Members of the PMHQ Slack community regularly host awesome events for product managers to swap tips and learn from one another.
In San Francisco, Vinay Melwani (Product Manager at HouseCanary) has organized a monthly morning meetup called AM | PM. Attendees answer a thought-provoking question-of-the-month in a round-robin fashion and reflect on each other’s responses.
Below is our summary of January’s AM | PM meetup!
Our question of the month for January 2018 was:
“What viable career paths exist for product managers?”
Below are the different paths that we explored as a group.
Vice President of Product
Vinay commented that the traditional path of a product manager is to rise the ranks internally: from product manager to director of product, then to VP of product.
The VP of Product sets the product vision for her team, ensures that product strategy is aligned, and coordinates with other executives to accelerate growth. To be a successful VP of Product, one should demonstrate success in delivering a product, in enabling junior product managers to deliver products, and in crafting a long-term product vision and associated strategies that take industry trends into account.
Product Consultant / Speaker
Tyler Swartz, a senior product manager, highlighted that one path after being a successful product manager is to become a speaker or a consultant.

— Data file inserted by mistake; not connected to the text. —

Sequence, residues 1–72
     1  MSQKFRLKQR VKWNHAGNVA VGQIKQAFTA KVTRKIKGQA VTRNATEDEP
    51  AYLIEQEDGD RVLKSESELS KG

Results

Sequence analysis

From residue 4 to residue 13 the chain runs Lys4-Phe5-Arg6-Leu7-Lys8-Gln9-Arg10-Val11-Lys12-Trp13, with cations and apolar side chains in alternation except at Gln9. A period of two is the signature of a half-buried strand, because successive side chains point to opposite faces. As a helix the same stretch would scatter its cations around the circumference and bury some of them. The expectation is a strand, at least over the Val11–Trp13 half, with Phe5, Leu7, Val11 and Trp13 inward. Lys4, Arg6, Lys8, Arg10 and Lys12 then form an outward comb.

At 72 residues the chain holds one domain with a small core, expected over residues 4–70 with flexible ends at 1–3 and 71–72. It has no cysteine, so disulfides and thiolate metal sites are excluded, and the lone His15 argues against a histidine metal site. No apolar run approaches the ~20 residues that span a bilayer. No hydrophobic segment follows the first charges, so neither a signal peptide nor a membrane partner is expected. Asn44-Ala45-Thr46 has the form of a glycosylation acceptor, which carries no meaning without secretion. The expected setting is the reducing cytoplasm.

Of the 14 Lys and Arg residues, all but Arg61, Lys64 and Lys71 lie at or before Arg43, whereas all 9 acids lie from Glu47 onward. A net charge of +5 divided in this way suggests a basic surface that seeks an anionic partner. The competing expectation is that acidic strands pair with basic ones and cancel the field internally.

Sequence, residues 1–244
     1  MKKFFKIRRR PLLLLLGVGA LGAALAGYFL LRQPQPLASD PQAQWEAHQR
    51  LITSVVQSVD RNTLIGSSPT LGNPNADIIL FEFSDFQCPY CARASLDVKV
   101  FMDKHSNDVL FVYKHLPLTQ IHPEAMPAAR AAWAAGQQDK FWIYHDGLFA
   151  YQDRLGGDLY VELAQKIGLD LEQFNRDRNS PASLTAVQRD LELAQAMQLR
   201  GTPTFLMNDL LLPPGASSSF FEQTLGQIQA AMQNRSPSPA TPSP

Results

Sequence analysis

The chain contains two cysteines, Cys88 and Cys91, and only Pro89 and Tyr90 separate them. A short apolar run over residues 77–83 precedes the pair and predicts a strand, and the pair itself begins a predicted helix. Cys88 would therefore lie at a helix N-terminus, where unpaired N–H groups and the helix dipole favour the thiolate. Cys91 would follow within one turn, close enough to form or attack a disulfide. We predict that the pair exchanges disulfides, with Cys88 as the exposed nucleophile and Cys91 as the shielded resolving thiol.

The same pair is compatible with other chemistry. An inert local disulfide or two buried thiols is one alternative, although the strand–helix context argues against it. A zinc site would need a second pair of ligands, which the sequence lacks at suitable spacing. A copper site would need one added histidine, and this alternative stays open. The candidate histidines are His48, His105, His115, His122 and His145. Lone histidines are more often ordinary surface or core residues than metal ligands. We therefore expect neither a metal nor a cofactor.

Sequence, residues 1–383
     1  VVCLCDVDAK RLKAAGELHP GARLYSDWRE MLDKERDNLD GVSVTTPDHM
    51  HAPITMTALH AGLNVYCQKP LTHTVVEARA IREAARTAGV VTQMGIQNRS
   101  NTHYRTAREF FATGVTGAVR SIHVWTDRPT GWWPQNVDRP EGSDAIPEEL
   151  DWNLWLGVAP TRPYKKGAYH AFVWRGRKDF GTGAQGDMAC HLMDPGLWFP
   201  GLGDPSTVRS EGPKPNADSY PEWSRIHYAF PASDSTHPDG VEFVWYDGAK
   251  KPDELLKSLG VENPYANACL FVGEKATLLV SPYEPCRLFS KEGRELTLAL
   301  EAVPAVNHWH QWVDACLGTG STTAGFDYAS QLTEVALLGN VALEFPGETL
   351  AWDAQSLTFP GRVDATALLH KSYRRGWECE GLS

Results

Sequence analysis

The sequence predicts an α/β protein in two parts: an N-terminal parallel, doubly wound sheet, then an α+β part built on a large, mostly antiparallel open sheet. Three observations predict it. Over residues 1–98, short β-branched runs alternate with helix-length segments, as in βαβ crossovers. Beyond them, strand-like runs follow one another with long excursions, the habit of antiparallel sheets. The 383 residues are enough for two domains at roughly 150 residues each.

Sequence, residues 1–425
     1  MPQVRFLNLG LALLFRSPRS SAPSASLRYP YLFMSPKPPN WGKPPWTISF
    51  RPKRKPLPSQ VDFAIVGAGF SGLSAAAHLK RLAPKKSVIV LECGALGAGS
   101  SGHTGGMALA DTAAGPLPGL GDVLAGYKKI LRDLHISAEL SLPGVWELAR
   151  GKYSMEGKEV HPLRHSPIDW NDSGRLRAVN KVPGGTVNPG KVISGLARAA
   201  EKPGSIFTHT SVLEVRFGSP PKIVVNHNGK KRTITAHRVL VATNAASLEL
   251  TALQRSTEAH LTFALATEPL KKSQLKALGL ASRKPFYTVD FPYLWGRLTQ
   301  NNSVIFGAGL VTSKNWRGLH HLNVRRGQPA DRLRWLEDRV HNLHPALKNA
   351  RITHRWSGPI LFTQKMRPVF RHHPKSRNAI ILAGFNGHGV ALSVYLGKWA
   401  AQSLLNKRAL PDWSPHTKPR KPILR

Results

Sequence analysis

After a PM gains lots of relevant experience, she may find that she is more interested in enabling others to accelerate their growth, rather than focusing on the day-to-day operations of product development.
By being a product speaker, she can inspire and inform thousands of product managers. By being a product consultant, she can parachute into product organizations of varying maturities, and enable them to scale sustainably and smoothly.
Theo Gordon, Product Manager at Leanplum, called out that another viable exit path for a product manager is to become a venture capitalist.
Theo suggested that for a product manager to succeed in this pivot, she should first establish herself as a credible opinion-maker. After all, venture capitalists primarily function by influencing and solidifying opinions on how viable a market is, how attractive an investment is, and how good of a bet a product is.
As a group, we concluded that unless a product manager had already established herself as a Director of Product or higher, she would be unlikely to be immediately hired as a partner at a venture capital firm. Therefore, if a product manager wanted to make such a switch, she would be advised to first rise the ranks internally while simultaneously building influence (e.g. through social media, blogs, or product events), then make the switch.
Rob McGrorty, previously Head of Product at Webgility, mentioned that product managers can also be successful entrepreneurs-in-residence.
Our readers may not have heard of this role before. An entrepreneur-in-residence is a role within a venture capital firm, and the role is responsible for identifying and eventually leading a new company that the venture capital firm will then invest in.
For more information about entrepreneurs-in-residence, check out the following resources:
- What is an Entrepreneur-in-Residence? (Forbes)